Health Care Reform Timeline
The new health care law — called the Affordable Care Act — was passed in 2010. The law is changing the way some Americans get health coverage. Some changes are happening now. The biggest change for consumers comes in 2014, when almost everyone in the U.S. will be required to have health insurance.
- Some insurance plans are "grandfathered" — meaning they existed before the law was passed and so may not include all the benefit changes from the new health care law. If you hear about new insurance benefits coming with the changes, but your plan doesn't offer them, you may be in a grandfathered health plan.
- Young adults can now stay on their parent's health plan up to age 26. Most limits to keeping your young adult son or daughter on your coverage are removed, meaning they don't have to be a full-time student, live with you, be disabled or be a tax dependent.
- Prevention comes with no out-of-pocket cost. Other than health plans that are grandfathered, insurance will cover a long list of preventive health services, such as mammograms and cholesterol screenings. In most cases the preventive care will be paid in full by your premium, meaning you won't have to pay a copay, coinsurance or deductible.
- Health coverage is available for all kids, even those with pre-existing conditions. Previously, the pre-existing condition exclusions applied to all ages.
- Insurance coverage won't have dollar limits on the health care covered in your lifetime. Health plans won't have dollar limits on the care covered in a single year. Your health plan won't limit the dollar amount it will pay for coverage of essential health benefits within a year or over the lifetime of your plan.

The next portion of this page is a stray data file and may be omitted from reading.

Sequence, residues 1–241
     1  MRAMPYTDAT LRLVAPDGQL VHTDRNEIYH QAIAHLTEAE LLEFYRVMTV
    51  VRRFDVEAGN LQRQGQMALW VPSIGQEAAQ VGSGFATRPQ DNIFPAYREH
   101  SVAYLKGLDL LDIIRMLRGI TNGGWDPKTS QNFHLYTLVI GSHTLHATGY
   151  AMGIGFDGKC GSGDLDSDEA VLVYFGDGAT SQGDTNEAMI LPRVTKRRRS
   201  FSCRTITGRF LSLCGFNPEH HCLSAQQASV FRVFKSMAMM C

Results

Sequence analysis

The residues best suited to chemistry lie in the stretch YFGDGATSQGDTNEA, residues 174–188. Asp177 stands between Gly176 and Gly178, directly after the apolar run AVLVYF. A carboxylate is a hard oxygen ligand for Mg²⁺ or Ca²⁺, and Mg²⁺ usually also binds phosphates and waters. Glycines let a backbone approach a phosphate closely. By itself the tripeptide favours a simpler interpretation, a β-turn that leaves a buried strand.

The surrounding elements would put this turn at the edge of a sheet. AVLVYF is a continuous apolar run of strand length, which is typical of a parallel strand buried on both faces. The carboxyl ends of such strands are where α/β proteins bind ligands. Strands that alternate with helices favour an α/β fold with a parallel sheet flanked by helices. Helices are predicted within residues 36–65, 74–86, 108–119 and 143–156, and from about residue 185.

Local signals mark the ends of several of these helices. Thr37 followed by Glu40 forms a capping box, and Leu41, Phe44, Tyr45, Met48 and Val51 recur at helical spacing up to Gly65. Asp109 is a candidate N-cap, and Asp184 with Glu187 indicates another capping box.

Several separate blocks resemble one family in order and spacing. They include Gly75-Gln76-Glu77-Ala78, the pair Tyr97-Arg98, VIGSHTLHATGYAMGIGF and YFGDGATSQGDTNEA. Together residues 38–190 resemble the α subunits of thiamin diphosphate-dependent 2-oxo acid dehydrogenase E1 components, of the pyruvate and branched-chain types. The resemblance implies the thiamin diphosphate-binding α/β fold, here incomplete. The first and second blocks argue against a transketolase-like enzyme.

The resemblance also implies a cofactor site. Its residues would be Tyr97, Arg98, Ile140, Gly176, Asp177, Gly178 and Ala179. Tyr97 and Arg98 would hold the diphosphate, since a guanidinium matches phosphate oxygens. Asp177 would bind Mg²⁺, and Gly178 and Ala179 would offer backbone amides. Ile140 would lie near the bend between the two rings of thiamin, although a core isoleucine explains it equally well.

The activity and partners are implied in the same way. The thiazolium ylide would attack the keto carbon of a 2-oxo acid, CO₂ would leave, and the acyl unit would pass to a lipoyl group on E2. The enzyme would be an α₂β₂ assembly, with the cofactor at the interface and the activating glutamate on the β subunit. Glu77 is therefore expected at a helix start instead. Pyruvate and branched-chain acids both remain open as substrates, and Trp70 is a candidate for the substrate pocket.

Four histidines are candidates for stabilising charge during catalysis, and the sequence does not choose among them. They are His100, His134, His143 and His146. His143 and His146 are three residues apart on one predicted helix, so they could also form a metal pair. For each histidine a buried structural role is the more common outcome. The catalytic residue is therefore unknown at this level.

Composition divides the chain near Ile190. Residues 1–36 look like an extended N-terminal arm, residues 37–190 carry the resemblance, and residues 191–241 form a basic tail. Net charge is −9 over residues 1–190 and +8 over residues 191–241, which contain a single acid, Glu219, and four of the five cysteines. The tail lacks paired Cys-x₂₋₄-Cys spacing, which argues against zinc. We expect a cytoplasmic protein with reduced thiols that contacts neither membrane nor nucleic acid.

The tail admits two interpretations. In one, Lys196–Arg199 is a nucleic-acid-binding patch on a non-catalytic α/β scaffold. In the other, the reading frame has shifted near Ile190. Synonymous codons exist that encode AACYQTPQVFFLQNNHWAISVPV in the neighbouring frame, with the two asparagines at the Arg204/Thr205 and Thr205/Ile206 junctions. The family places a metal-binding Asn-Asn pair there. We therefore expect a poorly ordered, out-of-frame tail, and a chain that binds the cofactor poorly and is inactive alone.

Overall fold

- Adults who have been uninsured for at least 6 months and have been denied coverage because of a pre-existing condition may now get coverage through the Pre-existing Condition Insurance Plan.
- Those in the Medicare Part D "donut hole" get a 50% discount on name-brand prescription drugs and a 7% discount on generic prescription drugs. Over the next few years, the donut hole will gradually close so that there is no longer a gap in pharmacy benefits.
Down the Road
- Most people will be able to get insurance coverage, even someone with a pre-existing condition. People who have a health condition (an illness or pregnancy) or who are at higher than average risk of needing medical care, may have difficulty getting insurance, may pay more for insurance or get coverage that excludes the condition if it is pre-existing. In 2014, you'll be able to get insurance coverage, and it will include coverage of your pre-existing health condition.
- Health plans will include more benefits considered essential to good health. Beginning in 2014, most insurance plans you can choose from — whether you buy on the exchange or go directly to the insurance company of your choice — will include many benefits that are meant to make sure basic health concerns are covered.
- You'll be required to purchase health insurance if you don't already have it — and depending on your income, you may get help paying for it.
- You'll have more ways to get coverage. In 2014, there will be a new way to buy health insurance online. Beginning in October, you'll be able to compare and enroll in insurance plans available in your area using the online exchange. You can compare all your insurance options based on price, benefits, quality and other features that may be important to you, in plain language that makes sense. And, you may be able to get a new kind of tax credit that lowers your monthly premium.
- The Medicaid program will be expanded in some states to allow more people to qualify for the program.